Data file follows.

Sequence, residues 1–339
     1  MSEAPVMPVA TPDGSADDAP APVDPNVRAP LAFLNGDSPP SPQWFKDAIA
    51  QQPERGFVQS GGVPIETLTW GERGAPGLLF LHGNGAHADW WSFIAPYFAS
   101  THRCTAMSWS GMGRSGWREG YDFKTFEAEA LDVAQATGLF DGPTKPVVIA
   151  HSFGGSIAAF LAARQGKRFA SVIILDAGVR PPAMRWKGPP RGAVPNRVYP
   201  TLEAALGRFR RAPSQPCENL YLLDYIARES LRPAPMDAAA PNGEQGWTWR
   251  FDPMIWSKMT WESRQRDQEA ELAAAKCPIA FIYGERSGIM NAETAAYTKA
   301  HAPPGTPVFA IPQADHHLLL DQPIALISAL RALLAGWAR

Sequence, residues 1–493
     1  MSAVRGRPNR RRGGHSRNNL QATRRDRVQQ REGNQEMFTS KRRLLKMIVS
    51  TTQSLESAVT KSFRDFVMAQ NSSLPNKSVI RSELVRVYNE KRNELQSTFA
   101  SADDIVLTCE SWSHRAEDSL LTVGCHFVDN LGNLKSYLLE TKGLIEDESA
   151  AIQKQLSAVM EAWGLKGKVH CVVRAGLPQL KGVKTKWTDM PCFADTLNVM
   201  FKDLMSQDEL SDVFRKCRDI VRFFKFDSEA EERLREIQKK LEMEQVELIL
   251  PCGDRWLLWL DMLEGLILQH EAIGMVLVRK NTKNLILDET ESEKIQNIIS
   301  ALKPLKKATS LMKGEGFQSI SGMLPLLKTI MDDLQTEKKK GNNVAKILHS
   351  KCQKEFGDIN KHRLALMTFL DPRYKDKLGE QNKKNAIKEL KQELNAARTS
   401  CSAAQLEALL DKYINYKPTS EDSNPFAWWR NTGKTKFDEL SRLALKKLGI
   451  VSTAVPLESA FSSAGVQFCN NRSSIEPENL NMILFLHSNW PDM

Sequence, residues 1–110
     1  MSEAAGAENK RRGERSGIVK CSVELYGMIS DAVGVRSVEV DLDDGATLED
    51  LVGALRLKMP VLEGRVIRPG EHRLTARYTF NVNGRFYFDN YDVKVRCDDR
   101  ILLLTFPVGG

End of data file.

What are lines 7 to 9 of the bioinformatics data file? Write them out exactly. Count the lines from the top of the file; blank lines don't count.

   251  FDPMIWSKMT WESRQRDQEA ELAAAKCPIA FIYGERSGIM NAETAAYTKA
   301  HAPPGTPVFA IPQADHHLLL DQPIALISAL RALLAGWAR

Sequence, residues 1–493